There has been a strange weather phenomena occurring in America, such as the 5.8 magnitude earthquake that shook Maryland and the wildfire that devastated many homes in California and Arizona. However, in the past few weeks, there has been a new storm brewing known as the 53 percent movement – a movement that is criticizing the protesters on Wall Street. Although both groups have their throats at each other's neck, it is irrelevant because both movements are fighting for the same cause.
The 53 percent is a movement that began as a response to the movement known as the 99 percent that protested big corporations on Wall Street. The 53 percent movement founder, Erick Erikson, created the protest on Tumblr.com by posting a picture of himself and a piece of paper that said, "I work 3 jobs; I have a house I can't sell; My family insurance costs are outrageous; But I don't blame Wall Street; Suck it up you whiners; I am the 53 percent subsidizing you so you can hang out on Wall Street and complain." Although it was meant to be humorous, his post received national attention triggered what became the 53 percent movement. This then sparked others to create their own version of the 53 percent to attack the protestors on Wall Street.
Although the 53 percent and the 99 percent are all middle and lower class Americans, the criticism the 53 percent have against the 99 percent are valid. The 99 percent seem to forget that while they are protesting in the streets of New York, they are unable to go to their jobs and find ways to support themselves. Assuming that these people are stubborn and not going to their jobs, but they aren't receiving pay and the government will be unable to receive money from the income tax they on their wages. Without anybody working, the "Occupy Wall Street" movement becomes meaningless and hypocritical. The movement seems to be all about working for a better future so there are jobs for everyone, but they don't even attend their own. It is unfair that the 53 percent that are actually working have to subsidize for the portion of Americans who are blaming the institutions for their problems. In that same notion, will banging on bongo drums and using twitter really bring about the change America needs?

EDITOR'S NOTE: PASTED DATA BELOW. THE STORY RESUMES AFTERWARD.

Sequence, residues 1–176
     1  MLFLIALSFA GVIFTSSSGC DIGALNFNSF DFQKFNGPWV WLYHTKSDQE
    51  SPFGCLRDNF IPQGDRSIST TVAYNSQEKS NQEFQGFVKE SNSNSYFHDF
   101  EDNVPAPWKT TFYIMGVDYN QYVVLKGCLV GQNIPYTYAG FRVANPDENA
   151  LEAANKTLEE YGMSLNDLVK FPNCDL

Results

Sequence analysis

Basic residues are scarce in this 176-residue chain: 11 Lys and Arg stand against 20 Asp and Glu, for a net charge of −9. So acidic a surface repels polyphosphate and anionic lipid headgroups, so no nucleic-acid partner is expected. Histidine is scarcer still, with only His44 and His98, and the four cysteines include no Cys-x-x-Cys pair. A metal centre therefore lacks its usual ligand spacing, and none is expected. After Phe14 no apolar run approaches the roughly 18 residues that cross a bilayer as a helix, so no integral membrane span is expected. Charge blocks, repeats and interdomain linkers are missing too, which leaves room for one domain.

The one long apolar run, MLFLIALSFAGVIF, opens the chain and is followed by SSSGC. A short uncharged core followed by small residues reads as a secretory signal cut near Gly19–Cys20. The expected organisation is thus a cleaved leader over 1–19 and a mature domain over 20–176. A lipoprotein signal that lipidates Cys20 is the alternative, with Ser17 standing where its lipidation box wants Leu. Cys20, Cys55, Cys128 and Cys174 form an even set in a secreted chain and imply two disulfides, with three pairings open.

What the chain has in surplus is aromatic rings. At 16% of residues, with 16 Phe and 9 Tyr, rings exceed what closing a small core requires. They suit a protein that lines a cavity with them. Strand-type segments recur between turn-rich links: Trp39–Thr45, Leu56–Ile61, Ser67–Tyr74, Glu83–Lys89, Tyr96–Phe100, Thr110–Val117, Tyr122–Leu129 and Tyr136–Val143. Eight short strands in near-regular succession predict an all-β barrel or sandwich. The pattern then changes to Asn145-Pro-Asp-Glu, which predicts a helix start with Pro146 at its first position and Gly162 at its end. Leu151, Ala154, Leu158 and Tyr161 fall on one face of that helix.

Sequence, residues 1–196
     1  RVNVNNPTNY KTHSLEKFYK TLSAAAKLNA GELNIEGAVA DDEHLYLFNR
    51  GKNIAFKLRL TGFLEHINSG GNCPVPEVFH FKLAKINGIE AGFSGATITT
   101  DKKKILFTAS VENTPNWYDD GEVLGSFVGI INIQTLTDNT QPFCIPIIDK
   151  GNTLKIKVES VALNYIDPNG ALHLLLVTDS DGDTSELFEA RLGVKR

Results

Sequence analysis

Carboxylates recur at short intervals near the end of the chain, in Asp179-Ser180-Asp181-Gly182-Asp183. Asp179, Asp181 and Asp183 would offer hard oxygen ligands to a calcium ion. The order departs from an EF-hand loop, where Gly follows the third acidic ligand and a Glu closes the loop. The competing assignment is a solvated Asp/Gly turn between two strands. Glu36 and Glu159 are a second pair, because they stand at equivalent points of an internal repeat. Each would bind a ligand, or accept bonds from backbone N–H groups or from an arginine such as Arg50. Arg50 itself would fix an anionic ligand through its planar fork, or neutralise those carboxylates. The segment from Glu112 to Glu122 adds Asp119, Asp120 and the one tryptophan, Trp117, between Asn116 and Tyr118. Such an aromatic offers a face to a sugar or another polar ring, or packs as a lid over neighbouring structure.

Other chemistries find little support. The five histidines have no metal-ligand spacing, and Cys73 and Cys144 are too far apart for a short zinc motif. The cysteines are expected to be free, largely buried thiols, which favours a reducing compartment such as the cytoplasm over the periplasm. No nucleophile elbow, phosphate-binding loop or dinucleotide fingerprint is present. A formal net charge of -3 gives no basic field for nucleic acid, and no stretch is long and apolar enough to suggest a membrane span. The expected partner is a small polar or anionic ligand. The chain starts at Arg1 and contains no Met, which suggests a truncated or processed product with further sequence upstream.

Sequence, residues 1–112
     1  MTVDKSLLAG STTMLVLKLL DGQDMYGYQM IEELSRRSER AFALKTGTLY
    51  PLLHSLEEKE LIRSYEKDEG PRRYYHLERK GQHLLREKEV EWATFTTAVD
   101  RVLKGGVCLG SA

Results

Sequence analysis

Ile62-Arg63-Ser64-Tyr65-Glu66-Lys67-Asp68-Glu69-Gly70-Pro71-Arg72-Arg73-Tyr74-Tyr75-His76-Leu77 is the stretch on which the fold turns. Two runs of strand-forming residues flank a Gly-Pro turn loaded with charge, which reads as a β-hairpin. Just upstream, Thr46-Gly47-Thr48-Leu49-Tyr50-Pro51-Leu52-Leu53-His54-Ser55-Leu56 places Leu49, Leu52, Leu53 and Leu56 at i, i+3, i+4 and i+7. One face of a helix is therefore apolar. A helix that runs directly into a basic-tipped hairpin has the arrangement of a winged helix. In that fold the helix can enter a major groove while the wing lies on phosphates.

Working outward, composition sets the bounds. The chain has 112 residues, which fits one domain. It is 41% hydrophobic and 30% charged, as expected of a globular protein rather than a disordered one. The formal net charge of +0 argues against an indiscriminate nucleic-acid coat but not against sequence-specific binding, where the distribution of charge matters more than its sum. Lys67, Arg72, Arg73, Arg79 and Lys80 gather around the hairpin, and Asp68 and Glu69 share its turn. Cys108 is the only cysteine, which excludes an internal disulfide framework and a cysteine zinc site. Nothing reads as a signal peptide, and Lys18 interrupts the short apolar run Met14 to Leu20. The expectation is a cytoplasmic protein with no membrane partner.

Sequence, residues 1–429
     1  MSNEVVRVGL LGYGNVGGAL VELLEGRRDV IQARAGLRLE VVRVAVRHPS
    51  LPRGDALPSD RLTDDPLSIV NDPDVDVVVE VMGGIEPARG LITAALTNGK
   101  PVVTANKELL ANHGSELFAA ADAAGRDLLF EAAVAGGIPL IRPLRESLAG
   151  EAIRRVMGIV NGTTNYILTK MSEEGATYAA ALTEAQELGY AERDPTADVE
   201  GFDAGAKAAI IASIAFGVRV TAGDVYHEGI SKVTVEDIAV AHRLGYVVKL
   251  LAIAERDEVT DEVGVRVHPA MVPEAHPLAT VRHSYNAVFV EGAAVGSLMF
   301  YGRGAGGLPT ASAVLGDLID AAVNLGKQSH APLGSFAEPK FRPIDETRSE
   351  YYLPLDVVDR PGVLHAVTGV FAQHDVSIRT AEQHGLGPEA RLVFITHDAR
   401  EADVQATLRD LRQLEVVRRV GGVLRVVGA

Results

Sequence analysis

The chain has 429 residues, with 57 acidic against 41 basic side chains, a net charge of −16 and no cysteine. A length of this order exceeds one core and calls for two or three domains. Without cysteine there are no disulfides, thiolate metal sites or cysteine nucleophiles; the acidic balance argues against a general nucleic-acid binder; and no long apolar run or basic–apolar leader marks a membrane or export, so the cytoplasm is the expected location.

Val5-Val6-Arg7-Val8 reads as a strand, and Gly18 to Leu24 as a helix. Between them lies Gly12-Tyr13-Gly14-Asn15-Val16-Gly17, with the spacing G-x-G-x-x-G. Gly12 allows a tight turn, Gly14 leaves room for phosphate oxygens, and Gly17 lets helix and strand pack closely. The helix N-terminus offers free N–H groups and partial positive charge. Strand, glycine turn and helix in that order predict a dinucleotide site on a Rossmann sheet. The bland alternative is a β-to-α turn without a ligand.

Don't get me wrong though, the 99 percent also has strong points, and their intentions are very noble. The movements on Wall Street are all about protesting corporate influence on democracy and the amount of influence the wealthy one percent of Americans hold over the socio-economic establishments. These issues and concerns are very real because the majority of people living in the United States are struggling to find or hold a job without losing their health insurance or having their taxes go to a private corporation that is cheating the system.
Take Boeing, for example, a private military contractor that sells airplanes, jet-fighters and ballistic missiles to the U.S. government. From 2008 to 2010, Boeing received millions in tax breaks from Illinois to help settle their new headquarters in Chicago. In February 2011, the U.S. Air Force made a $35 billion contract with Boeing to help build a fleet of military air tankers. Because corporations like Boeing pay no federal taxes, they are making billions of dollars off of the American public without having to pay a cent of their earnings to the government.
Both the 53 percent and the 99 percent have valid arguments for what they are doing, and they should not be fighting with each other. Both groups are working towards a better future: One by working in the corrupt institutions put in place so the government will not collapse and fall, and the other by fixing the corrupt institutions so equal opportunities are available for all. If both the 53 percent and 99 percent can learn to work together, then I believe they will be able to accomplish what they want.
Richard Chen. I love reviewing movies, and I think it's pretty awesome to be in a position where you can write what you're passionate about and inspire other people with it. More »